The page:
Quadrantid meteor shower to sparkle in early January sky
The new year will kick off with a major meteor shower, and all signs are pointing toward a dazzling display in the sky on Friday night as long as Mother Nature cooperates.
The Quadrantids often go overlooked during the frigid nights in early January, but people that brave the cold this year may get rewarded as the ingredients are coming together for a good showing over North America.
January’s lone meteor shower will peak on Friday night into the pre-dawn hours of Saturday morning and, under ideal conditions, can spark over 100 meteors per hour in the dark winter sky.
Unlike most meteor showers that have a broad peak over several days, the Quadrantids have a sharp peak that lasts just a few hours. In 2020, the International Meteor Organization (IMO) is projecting that the Quadrantids will peak around 3 a.m. EST Saturday, which is an ideal time for North American observers as it will be dark across the continent.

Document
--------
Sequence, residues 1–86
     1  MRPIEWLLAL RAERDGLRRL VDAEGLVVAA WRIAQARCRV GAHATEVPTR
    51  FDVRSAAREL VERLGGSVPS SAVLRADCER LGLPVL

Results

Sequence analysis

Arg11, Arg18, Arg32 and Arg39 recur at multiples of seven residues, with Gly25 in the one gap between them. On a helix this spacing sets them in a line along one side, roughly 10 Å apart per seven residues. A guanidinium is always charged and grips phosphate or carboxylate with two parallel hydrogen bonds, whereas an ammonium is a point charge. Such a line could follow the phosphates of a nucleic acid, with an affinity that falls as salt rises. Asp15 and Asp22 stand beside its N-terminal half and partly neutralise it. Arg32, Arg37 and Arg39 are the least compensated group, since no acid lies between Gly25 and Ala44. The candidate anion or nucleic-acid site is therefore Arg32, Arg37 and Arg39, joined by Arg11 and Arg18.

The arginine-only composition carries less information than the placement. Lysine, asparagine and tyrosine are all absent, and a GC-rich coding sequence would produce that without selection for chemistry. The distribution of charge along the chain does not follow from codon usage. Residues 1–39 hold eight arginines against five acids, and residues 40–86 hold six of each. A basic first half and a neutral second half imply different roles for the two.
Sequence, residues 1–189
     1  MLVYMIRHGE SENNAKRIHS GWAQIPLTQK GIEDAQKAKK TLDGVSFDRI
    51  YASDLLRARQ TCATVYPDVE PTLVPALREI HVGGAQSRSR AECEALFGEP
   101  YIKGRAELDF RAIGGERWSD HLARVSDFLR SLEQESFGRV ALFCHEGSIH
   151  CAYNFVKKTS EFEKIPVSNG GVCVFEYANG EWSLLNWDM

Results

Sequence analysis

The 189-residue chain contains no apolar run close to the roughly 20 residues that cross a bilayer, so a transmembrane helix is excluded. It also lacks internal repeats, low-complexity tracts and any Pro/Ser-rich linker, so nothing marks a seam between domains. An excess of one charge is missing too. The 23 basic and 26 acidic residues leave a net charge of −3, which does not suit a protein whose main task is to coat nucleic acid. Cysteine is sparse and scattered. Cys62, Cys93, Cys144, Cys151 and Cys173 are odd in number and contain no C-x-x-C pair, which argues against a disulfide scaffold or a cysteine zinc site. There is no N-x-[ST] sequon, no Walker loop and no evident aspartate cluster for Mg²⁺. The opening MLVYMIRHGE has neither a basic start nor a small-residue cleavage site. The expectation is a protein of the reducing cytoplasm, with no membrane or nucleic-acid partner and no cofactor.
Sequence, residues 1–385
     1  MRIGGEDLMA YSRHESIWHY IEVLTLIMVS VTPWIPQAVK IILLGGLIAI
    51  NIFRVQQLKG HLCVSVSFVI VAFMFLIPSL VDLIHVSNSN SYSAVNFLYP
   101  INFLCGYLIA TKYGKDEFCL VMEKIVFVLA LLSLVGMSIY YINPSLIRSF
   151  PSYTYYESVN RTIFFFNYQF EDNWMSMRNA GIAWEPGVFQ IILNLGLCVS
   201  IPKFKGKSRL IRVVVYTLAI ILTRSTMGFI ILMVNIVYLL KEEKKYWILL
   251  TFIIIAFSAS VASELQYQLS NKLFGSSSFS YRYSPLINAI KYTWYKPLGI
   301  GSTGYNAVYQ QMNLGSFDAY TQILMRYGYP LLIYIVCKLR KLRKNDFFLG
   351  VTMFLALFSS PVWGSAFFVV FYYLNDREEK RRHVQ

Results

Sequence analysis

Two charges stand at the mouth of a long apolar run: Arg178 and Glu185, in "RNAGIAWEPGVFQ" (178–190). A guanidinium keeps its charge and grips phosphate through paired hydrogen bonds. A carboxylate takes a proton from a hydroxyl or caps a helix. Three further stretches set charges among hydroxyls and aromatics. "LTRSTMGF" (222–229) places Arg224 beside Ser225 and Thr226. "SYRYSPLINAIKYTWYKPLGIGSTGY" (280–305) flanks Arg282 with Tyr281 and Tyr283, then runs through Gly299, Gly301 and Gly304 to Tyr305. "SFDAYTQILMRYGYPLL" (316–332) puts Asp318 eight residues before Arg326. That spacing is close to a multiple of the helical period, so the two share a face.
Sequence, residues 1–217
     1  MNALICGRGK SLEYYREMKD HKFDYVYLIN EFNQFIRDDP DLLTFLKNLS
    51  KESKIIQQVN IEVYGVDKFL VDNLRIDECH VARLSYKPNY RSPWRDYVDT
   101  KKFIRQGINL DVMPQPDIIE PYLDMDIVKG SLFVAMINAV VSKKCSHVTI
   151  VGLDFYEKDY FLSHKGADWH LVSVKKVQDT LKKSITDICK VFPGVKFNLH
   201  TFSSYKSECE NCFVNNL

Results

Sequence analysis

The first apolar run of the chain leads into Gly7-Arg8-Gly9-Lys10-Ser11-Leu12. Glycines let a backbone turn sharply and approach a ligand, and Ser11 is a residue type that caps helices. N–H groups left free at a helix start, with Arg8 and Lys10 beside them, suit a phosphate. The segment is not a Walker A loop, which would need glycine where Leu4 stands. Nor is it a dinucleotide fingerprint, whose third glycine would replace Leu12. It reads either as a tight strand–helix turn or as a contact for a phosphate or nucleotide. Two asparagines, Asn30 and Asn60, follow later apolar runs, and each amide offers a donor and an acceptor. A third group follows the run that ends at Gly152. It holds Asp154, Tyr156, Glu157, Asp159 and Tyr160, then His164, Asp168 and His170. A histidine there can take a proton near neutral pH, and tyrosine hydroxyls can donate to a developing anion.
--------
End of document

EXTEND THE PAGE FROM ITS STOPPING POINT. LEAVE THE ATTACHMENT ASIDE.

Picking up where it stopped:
The best time to watch a meteor shower is when the radiant point is high in the sky, and that will be the case for the Quadrantids when they peak early Saturday morning. Shooting stars will originate from near the constellation Ursa Major, more commonly known as the Big Dipper. However, shooting stars will be visible in all areas of the sky.
Finally, the moon will be below the horizon during the second half of the night, greatly reducing the amount of natural light pollution.
With these three ingredients coming together almost perfectly, folks across North America may be able to count anywhere from 60 to 200 meteors per hour before daybreak on Saturday morning, according to the IMO.